FHA Loans: Benefits & Eligibility
FHA loans allow you to purchase or refinance a house with financial assistance. These loans are backed by the Federal Housing Administration and have more accepting qualifications compared to other financing options. You will need to go through an FHA lender that may have additional guidelines and requirements, so it is very important to go through a lender that will work best for you. This may be a bank, credit union, or independent mortgage lender.
These loans are designed for people who may not be able to own a house otherwise. These loans have a minimum down payment of 3.5 percent, which is based on the overall cost of the home. Other conventual lenders may ask for a down payment as high as 20 percent. The FHA also lets groups associated with the sale of the home cover some of the borrower’s costs — like an appraisal or other closing expenses. You must be able to demonstrate a level of financial stability, but the program is designed for those who may not be able to find help elsewhere.
FHA Loan Eligibility
In order to be eligible for an FHA loan, you usually need to have a credit score of at least 500, although there are possible exceptions for certain outstanding situations. If you have a credit score between 500 and 579 you need to pay at least 10 percent as a down payment. Every year, the FHA adjustsminimum and maximum loan limits. They vary according to the cost of living in a particular location.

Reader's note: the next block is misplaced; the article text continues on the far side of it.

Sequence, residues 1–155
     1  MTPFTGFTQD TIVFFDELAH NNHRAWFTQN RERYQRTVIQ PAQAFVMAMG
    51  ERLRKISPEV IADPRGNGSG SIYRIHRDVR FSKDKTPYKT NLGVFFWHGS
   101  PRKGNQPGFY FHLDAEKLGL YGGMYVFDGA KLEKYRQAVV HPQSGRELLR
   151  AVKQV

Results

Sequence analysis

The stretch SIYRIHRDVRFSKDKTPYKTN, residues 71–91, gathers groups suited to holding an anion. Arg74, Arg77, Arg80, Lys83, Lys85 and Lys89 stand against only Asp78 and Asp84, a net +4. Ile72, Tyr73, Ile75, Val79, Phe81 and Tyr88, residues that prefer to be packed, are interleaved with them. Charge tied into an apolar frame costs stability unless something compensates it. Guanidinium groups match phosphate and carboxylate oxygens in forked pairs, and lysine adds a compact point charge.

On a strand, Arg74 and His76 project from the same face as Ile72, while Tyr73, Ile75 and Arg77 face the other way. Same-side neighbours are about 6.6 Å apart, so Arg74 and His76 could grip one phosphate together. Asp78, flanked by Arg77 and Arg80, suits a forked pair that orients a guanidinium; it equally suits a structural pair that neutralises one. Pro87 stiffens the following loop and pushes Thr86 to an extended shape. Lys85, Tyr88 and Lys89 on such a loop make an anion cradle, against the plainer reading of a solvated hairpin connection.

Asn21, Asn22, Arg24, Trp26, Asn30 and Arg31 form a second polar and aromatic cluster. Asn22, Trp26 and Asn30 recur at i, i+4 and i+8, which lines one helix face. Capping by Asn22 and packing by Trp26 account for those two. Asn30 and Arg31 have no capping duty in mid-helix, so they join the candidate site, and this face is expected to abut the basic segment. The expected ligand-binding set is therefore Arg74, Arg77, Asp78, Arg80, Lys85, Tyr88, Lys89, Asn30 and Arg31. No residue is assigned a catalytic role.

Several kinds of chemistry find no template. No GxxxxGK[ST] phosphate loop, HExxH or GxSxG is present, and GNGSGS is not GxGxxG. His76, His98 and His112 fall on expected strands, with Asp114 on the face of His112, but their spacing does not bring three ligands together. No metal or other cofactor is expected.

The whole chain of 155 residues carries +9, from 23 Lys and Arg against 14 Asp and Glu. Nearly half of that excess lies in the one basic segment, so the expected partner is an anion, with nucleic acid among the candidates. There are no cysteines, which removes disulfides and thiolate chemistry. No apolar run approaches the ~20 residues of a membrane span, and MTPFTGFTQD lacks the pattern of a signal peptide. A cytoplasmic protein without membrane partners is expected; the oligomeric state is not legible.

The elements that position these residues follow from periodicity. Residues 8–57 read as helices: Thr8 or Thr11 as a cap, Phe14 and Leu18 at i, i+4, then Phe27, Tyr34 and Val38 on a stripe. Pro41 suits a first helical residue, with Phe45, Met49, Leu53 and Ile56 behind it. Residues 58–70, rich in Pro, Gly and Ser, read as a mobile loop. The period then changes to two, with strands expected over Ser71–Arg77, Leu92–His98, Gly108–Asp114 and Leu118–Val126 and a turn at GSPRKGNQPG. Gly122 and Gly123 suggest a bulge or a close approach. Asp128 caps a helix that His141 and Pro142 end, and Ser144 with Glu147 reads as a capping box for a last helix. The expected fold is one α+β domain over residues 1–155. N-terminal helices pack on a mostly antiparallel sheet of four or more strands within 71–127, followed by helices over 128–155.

You must be caught up with your federal student loans and income taxes. You cannot have had a foreclosure in the past three years, and you cannot have been in bankruptcy in the past two years. An FHA officer must approve the property to be in accordance with federal guidelines. The home must also be your primary residence. Finally, you need to have proof of employment and a steady income.
There are additional requirements and expectations associated with an FHA loan such as mortgage insurance premium costs. You can decide if you want to pay an annual premium or an upfront premium, both of which will provide a safety net in case you need to default on the loan. The loan is designed so that if you decide to sell your home, then the buyer can take on the loan.
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